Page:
I sometimes wish we could post pictures on this forum so we can admire the things our Brothers and Sisters create.

As for me, I'm envious of those who will sojourn next month as I will miss this solstice opportunity since I am recovering from foot surgery; I am held together with metal cords at this moment beneath enough bandages to make a full outfit by themselves if I were permitted to unwrap them!


Wed May 25, 2016 3:41 am
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Thanks Tyrienne. I don't plan on sojourn in this coming solstice. I am going to the spot where I plan on doing the sojourn and I'm going to camp out and perform the rite of bragi.
I think it will be more fun in the winter. In the service I was stationed in Alaska (Arctic Warriors) for a while where I mastered cold weather survival. I think it will be more fun on top of a mountain in the south as a civilian than in -50 degree weather.


Wed May 25, 2016 10:45 pm
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Baleyg wrote:
You are most worthy of the effort. Come to me, my smith, that you might be made bold. Tell this traveler where do you wander?

I wander wherever my feet take me. Different states, different countries, different fields, different thoughts. If we knew where we were wandering to, would we still be wandering?
Reading your posts, you may wander more than me.


Sat Jun 11, 2016 10:12 pm
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I seek that you may make my blade, a carbon steel clay-tempered worthy of your effort, sharper than any blade which you have ever known.

Then I could request, a hammer forged for war but light enough to use by a work-man. This I would wish of steel tempered by your exacting standards. Does this work inspire a name to be given by you?


Sun Jun 12, 2016 1:13 am
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Are you talking about Mjolnir?


Wed Jun 15, 2016 12:40 am
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Joined: Fri May 27, 2016 6:43 pm
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For what it´s worth try to stick with older lawn mower blades as the metal will be better quality, other potential sources for material are railroad spikes, old files and rasps (not modern ones as they might only be case hardened), and leaf springs.
The older the better.


Wed Jun 15, 2016 2:33 am
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sweinodinsson wrote:
Are you talking about Mjolnir?


Mjolnir was the name of Thor's hammer. I would expect the craftsman of my hammer to pick a more original name.

We can start with the sharpening, it seems a task too low for a great smith - but the metal is truly fine and requires great skill to sharpen without damaging the high quality display of the blade.


Thu Jun 16, 2016 1:49 am
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I have made a forge out of wheels, pipe, and fan. I have made a knife blank from an edger blade and the handle is being dried from a lightni ng struck hickory.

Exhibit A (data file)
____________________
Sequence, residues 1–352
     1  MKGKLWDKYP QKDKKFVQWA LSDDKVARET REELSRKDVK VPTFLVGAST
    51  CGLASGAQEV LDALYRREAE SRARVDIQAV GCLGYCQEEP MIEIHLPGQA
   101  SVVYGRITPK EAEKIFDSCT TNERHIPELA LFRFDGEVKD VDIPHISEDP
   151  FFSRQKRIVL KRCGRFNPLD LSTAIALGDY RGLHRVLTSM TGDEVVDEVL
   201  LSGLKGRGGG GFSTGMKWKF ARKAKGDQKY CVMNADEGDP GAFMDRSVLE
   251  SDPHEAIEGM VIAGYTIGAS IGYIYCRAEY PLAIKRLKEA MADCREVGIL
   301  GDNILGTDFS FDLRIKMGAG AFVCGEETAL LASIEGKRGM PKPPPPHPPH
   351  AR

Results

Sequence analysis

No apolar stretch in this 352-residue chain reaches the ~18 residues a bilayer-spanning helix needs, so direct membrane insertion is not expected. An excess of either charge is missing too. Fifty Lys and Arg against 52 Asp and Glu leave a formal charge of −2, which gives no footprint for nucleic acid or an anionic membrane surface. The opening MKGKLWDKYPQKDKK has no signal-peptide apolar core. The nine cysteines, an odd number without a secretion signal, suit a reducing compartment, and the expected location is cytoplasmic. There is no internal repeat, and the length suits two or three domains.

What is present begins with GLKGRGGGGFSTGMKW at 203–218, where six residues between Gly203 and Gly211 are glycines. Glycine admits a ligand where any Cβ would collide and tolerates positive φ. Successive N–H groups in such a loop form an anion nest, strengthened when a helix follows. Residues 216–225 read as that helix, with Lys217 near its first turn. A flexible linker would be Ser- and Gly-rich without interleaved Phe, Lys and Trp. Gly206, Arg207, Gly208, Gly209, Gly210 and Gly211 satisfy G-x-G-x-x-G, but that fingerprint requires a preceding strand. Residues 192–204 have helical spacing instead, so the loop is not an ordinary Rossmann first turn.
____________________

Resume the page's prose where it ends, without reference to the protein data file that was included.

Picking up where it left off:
Thu Oct 06, 2016 3:30 pm
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I wish I had a fraction of your industriousness! It probably reflects a weakness of my character that I seldom go beyond woodwork.
r


Thu Oct 06, 2016 4:00 pm
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Thank you for the compliment. I just want to learn how to do everything like one of my elders who had passed on.
This knife I am making for a special occasion on a mountain.


Fri Oct 07, 2016 12:09 am
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sweinodinsson wrote:
Thank you for the compliment. I just want to learn how to do everything like one of my elders who had passed on.
This knife I am making for a special occasion on a mountain.

The ingredients did bring to mind a certain occasion known by far too few.


Fri Oct 07, 2016 12:18 am
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Joined: Fri Nov 13, 2015 12:26 am
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Maybe awareness of bridges gang:

- Homophones, words of similar or same vibration-
- Ailm, the Holy Cross, Nordic Cross flags
- Iss as Ice in Icelandic, Is as the Ice rune of the Younger Futhark, Ice as Ice in English (Chris, Cristo, Christ)
- Mare E, Whole E, Sun E (Most optimistic denotation)
- In consideration of Mjölnir: Environmental Iron, Blood Iron (Hemoglobin), Fe, Faith (in Spanish), Fey, the Faery Triad- In consideration of Mjölnir
- In consideration of Bifröst: the spectrum as white light composed ROYGBIV
- With in relation to Icelandic as með, Soul in relation to Icelandic as sál, Spirit in relation to Icelandic as andi

Great ideas, just passing them along-


Thu Dec 08, 2016 6:04 pm
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Maharaj,
I can be fairly random, myself. Perhaps I am being dimwitted right now, but what does that have to do with anything? Why did you post this same thing on two different threads?
I'm not saying that your ideas are not interesting, but whats your deal?
Also, after reading some of your posts, I have to ask: What exactly is your belief in the ways of our northern european ancestors? It could be a language barrier, but it seems to me that you think of our Elder Kin as archetypes. Is this correct?


Thu Dec 08, 2016 6:33 pm
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Joined: Sat Aug 25, 2012 8:33 pm
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Swein,
I commend you for your restraint. Every now and then from the shadows comes a bona fide cretin.


Thu Dec 08, 2016 7:22 pm
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M1000,
Thank you, friend.


Thu Dec 08, 2016 7:57 pm